Concerns about less-than-full funding in the public sector
So: Yes, the concerns that have led to today’s “full funding” regime in the private sector—participant concerns about benefit security, creditor concerns about a possible default, and future investor concerns about compromised value—also exist in the public sector. But, the mechanisms by which those concerns can be brought to bear and affect funding policy are much weaker in the public sector. Thus, it may be possible to defer funding of pensions without causing obvious participant unrest or, in the short term at least, increasing borrowing costs or discouraging employers from staying in or re-locating to the metropolitan area.
Those concerns should not be considered merely hypothetical. They reflect the increased real-world risk to the jurisdiction that deferral of funding presents.
A city wouldn’t be expected to issue debt to pay for this year’s fire protection.
The cost of the pension benefit earned this year is a current operating expense, part of the municipal worker’s current compensation. If it is not fully funded currently, then the municipality is, in effect, using debt (borrowing from the future) to pay that operating expense. Doing this—funding operating expenses with debt—raises serious issues. Because, unlike borrowing associated with, for instance, infrastructure, there is no asset on the other side of the balance sheet to offset the new debt. A city wouldn’t be expected to issue debt to pay for this year’s fire protection. And thus it generally should not defer funding (borrow from the future) of this year’s pension accrual (compensation) for a firefighter. Services performed yesterday for which a pension was not adequately funded don’t generally produce an asset for tomorrow.
When a jurisdiction defers the funding of a current pension accrual, there are three possible outcomes:
- Assuming an increasing economy or tax base The current cost is shifted into the future, to taxpayers who (theoretically) have more capacity to pay for that pension accrual.
- Assuming a stable economy or tax base Current taxpayers book a one-time gain, by shifting this year’s pension cost to some future year’s taxpayers. But some future year’s taxpayers must (because someone must) pay for the pension. Those future taxpayers are faced with the choice of also paying for their current year’s pension accrual, in which case they are paying twice (for the previously deferred cost and for the cost of the current year’s pension accrual), or deferring the current year’s cost to some other future year’s taxpayers. So, yes, current taxpayers in this circumstance get a gain; everyone else is stuck.
- Assuming a declining economy or tax base The current cost is shifted into the future, to taxpayers who have less capacity to pay for the cost of current pension accruals. The disastrous consequences of this are obvious.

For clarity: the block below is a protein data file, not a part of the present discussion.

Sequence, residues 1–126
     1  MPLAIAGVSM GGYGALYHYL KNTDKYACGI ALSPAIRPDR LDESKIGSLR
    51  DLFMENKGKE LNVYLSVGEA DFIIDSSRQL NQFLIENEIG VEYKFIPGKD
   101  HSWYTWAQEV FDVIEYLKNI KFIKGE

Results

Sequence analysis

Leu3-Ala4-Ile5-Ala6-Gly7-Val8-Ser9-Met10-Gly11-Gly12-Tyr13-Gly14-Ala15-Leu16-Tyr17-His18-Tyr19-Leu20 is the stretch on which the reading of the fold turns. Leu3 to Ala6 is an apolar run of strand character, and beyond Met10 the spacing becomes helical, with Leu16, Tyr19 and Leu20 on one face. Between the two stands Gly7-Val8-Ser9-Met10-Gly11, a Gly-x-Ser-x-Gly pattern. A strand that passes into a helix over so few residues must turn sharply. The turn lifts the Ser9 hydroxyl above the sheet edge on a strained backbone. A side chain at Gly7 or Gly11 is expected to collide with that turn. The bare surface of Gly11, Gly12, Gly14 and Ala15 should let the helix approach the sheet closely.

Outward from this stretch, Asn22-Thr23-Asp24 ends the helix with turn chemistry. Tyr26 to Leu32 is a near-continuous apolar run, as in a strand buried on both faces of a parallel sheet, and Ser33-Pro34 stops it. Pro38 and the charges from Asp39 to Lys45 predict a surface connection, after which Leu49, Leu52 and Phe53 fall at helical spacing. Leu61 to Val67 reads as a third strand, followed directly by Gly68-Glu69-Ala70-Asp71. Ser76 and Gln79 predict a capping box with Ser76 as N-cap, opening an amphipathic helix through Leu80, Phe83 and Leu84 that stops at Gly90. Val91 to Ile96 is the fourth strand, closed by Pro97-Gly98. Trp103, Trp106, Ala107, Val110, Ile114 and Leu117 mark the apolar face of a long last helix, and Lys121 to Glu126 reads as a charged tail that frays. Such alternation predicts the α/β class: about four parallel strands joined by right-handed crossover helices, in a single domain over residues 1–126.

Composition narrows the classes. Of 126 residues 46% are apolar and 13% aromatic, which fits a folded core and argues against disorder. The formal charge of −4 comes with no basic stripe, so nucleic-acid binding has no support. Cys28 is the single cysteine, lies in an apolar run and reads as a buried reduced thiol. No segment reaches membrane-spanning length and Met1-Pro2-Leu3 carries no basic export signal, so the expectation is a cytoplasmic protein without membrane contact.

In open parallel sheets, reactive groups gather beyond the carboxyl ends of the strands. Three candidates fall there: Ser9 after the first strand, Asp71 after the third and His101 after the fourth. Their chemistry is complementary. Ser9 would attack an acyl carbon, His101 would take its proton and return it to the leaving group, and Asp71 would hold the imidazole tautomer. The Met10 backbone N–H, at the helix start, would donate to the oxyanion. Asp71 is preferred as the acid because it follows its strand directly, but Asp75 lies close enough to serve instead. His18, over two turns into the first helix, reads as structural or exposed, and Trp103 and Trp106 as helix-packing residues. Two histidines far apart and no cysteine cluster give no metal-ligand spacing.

Mobility may defeat investment
Thus, by not fully funding current pension benefits, public entities are gambling on their economic future.
That may make some sense if the item the public entity is investing in “stays put”—the way infrastructure (e.g., a bridge) stays where you put it. Unfortunately, given population mobility, “investing” in compensation—the pension benefit of a policeman, a firefighter or a teacher—does not necessarily produce infrastructure that stays put. The child the teacher educates may simply leave the jurisdiction, taking everything she has learned with her.
Public jurisdictions routinely compete against each other to attract employers, and the taxpayers they bring with them, to their jurisdictions. And if some of those jurisdictions are burdened with deferred pension costs, while others are not, at the margin the entities that have lower deficits (e.g., due to greater pre-funding) will win those contests.
That is not to say that it may never make sense to, for instance, defer pension funding so that an entity can improve teachers’ salaries, attract better teachers and thereby attract more employers and taxpayers. But doing so is not without considerable risk.
Risk is related to size
This risk is greatest for municipalities: it’s seemingly easy for a business or taxpayer to simply move over the line and out of the city or county that has the heavy pension-based tax burden. The risk is a little lower for states, simply because they are harder to leave. And it seems (nearly) non-existent at the federal level. Perhaps a few will renounce citizenship simply to avoid paying the cost of pension benefits, but that seems like the exception.
Why pre-fund? Why fully fund?
For these reasons, we believe that, except in unusual circumstances, fully funding pensions earned currently is the best policy. It provides participants with benefit security. In the long run, it will reduce borrowing costs. And it promotes the buy-in of employers and taxpayers.